So there’s this Green Lantern movie out. Reviews have… not been kind. There may actually be some kind of dogpile effect going on here, i.e. Green Lantern being the movie that it’s awesome to hate on. I mean, sure, it’s bad, but it’s no Rise of the Silver Surfer, which inexplicably got better reviews. Green Lantern’s CGI was admittedly pretty dumb though. Hard to argue with that.
Anyway, what about the legal aspects? Well, there are a couple. Oddly enough, most of them don’t involve much in the way of spoilers this time around. Still, we’ll keep the actual review inside, just in case.
I. Interplanetary Law.
We’ve talked about this one on several previous occasions, and but there’s a slight wrinkle here. In most of the previous cases, the questions have had to do with how and if so to what extent terrestrial laws are enforceable in space. Here, we’re looking at what amounts to an intergalactic police and/or peacekeeping force asserting jurisdiction over the Earth. Can they do that?
Well the US invaded Grenada back in the 1980s. Was that “legal”? It’s actually a bad question. Questions of “legality” don’t really have a lot to do with allegedly sovereign states interacting, there being no sovereign other than the power of the individual countries involved to enforce any particular standard. If the Green Lantern Corps has the power to assert jurisdiction over the volume of space in which the Earth floats—and they unquestionably do—there seems precious little that anyone on Earth can do about it, just like there isn’t a whole lot that the Bahamas could do if the US decided to annex Bimini. In international law, might doesn’t necessarily make right, but there isn’t a whole lot else to reference. So “legal” or not, the Corps can probably do just about whatever it wants. Terrestrial governments may not like it, but issuing an injunction doesn’t seem likely to accomplish all that much. In the context of the movie, the Corps saved the planet from certain destruction, so it’s doubtful anyone would mind anyway.
II. Employers Suing Employees
The issue with a bit more substance is the question of whether or not Ferris Aircraft can sue Hal for his actions during the test flight. The answer here is a tentative “maybe.” Under most circumstances, employers ability to go after their employees is limited by two factors. First, the doctrine of “respondeat superior” effectively acts as a bar to this sort of action for an employee acting within the scope of an employment. It hardly seems fair for an employer to direct an employee to perform a certain action and then turn around and sue when that action is performed. Second, most employees don’t have nearly enough assets to cover any liability which might be connected to their employment, which is why respondeat superior exists in the first place.
Here though, respondeat superior might not apply. The key is that the doctrine protects employees acting within the scope of their employment. Hal ditched his plane during his test flight, which was definitely started at the behest of his employer, but then he ignored direct instructions from his employer 1) generally to stay within the conditions of the operation, and 2) specifically to abandon his climb. If an employee driving a car ignored analogous instructions, e.g. “Come back to the office now,” the employer could make a good argument that the employee left the scope of his employment, effectively “abandoning his post,” meaning that any resulting liability would be the employee’s alone. Hal ditched his very, very expensive jet after ignoring these instructions, so there’s an argument to be made that he could be liable for the jet.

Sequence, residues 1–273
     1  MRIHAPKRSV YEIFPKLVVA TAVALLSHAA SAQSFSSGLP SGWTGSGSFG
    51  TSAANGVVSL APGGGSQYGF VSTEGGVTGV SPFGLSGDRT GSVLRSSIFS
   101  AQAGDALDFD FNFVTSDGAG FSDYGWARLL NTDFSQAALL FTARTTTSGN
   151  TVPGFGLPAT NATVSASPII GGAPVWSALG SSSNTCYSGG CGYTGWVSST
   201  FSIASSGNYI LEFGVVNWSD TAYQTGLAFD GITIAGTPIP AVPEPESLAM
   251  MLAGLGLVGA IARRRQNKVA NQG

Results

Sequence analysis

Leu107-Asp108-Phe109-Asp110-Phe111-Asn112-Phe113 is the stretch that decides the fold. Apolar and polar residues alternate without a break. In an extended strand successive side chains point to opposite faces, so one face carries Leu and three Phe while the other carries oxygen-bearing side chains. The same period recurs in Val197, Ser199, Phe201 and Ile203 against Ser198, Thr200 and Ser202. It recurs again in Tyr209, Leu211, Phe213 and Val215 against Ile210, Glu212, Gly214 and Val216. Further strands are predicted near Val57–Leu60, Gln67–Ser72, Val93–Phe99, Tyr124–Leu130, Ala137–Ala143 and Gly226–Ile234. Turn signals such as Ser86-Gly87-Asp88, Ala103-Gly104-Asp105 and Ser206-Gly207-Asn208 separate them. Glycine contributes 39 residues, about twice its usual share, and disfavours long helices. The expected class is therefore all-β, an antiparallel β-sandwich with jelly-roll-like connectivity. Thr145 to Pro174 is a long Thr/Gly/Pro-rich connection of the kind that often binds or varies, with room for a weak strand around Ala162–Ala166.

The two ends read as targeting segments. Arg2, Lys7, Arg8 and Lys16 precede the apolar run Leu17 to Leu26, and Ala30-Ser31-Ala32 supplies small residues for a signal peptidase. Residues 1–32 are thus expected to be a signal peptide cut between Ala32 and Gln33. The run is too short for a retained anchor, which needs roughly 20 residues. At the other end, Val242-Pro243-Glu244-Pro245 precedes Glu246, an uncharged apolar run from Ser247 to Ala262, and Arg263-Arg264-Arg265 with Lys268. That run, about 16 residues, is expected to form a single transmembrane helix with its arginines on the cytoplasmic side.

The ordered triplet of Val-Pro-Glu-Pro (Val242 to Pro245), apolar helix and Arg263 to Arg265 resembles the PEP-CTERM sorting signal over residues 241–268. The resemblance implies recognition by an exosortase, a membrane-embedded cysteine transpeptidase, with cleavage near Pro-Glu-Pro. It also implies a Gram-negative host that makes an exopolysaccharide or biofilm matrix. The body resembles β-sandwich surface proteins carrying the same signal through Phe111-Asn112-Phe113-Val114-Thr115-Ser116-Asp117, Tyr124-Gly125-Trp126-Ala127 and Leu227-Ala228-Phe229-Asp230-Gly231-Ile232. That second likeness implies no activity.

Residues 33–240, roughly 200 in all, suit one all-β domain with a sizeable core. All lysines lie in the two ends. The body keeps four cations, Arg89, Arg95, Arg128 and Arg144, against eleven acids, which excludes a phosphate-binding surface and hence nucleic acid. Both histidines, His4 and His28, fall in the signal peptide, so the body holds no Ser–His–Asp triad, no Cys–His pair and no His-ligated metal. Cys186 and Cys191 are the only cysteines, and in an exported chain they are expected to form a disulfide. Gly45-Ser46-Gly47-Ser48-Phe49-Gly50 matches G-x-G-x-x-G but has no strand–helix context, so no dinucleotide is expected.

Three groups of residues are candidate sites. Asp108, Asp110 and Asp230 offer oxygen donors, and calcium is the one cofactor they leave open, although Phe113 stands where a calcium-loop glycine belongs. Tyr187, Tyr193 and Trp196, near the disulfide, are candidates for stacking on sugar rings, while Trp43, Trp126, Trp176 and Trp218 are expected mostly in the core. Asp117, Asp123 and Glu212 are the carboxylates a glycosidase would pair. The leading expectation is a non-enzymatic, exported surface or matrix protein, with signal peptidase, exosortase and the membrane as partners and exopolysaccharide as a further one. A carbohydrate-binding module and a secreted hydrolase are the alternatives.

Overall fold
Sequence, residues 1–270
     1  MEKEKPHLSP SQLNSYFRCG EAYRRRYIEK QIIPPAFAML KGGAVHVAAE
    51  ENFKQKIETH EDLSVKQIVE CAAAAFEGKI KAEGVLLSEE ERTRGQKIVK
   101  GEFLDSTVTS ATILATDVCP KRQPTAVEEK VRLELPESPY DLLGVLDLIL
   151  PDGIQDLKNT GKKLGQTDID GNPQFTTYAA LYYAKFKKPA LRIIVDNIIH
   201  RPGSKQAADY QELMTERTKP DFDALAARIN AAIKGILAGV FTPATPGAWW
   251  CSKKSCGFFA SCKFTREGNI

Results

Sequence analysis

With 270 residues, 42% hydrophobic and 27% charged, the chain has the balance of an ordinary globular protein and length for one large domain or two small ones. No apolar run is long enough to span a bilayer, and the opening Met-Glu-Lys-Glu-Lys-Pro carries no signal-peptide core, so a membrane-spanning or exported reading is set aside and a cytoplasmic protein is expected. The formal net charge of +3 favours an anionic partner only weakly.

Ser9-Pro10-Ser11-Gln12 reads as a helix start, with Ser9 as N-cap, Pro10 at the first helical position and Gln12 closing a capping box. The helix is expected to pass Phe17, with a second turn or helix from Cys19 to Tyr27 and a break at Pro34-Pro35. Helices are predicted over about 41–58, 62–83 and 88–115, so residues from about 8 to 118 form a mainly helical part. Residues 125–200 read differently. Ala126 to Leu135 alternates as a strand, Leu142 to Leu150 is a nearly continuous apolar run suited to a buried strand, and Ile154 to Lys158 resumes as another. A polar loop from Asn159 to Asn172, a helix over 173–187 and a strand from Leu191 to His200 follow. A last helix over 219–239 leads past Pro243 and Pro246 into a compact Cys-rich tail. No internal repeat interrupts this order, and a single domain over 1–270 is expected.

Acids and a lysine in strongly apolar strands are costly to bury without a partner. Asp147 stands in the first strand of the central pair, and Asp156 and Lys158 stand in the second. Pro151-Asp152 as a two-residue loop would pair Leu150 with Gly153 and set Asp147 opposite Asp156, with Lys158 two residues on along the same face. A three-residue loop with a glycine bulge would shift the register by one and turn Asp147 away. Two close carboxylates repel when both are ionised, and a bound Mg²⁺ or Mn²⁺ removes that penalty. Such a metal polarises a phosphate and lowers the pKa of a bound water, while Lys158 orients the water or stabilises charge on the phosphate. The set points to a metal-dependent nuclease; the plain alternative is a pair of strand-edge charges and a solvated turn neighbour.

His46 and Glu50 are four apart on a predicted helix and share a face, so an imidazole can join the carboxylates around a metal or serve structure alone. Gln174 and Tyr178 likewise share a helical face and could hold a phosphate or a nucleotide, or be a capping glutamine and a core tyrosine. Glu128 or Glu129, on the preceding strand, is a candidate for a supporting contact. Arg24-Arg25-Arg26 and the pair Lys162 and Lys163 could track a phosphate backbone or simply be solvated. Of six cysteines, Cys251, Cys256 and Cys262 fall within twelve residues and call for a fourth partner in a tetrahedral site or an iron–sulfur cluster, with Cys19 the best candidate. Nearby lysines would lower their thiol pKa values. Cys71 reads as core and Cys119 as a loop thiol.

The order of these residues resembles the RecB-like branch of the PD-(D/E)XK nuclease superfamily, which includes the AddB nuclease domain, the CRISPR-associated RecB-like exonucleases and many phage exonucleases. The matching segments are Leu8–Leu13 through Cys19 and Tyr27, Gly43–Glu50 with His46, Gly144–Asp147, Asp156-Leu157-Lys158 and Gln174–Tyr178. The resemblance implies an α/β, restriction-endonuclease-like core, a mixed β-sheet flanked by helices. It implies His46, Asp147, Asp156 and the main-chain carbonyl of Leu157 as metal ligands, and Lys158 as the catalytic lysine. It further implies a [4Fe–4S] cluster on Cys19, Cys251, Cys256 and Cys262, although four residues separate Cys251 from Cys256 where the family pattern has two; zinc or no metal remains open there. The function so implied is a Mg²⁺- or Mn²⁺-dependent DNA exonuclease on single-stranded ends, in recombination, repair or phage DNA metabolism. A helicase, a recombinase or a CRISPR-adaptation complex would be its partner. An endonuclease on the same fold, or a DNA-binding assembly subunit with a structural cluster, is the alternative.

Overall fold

But it’s vanishingly unlikely that he’d be able to pay for it. Again, the doctrine of respondeat superior exists in order to shift liability to the party most likely to have the necessary resources to pay for it. This has been true since Roman times. We’re talking about an F-35 Lightning II here, approximately $130 million a pop. That’s a lot of overtime. So though Ferris could theoretically sue him for the cost of the plane, their only realistic remedy is just firing him.
III. Sexual Harassment
Of course, the reason they didn’t fire him probably has something to do with the fact that Carol Ferris, the boss’s daughter and rising executive star, is sweet on Hal. In other words, an employment decision is being predicated on an employer’s previous sexual relationship with an employee. Might there be an argument that this constitutes some kind of sexual discrimination or harassment?
Not likely under the facts we’ve got. First, the decision was a positive one, not an adverse one, so there aren’t any real damages to Hal. Second, it isn’t like a bunch of people were being fired but Hal wasn’t because of this relationship. So not only are there no damages to Hal, but no one else would seem to have standing to sue. Still, this kind of thing is dicey under most other circumstances, so it’s definitely not recommended.
Okay, the movie wasn’t that great, and to be honest, it spends so much time in outer space that there isn’t a lot of legal stuff to talk about here. Still, what few legal issues there are seem to be mostly okay. Which some might say is all the move has going for it, unfortunately.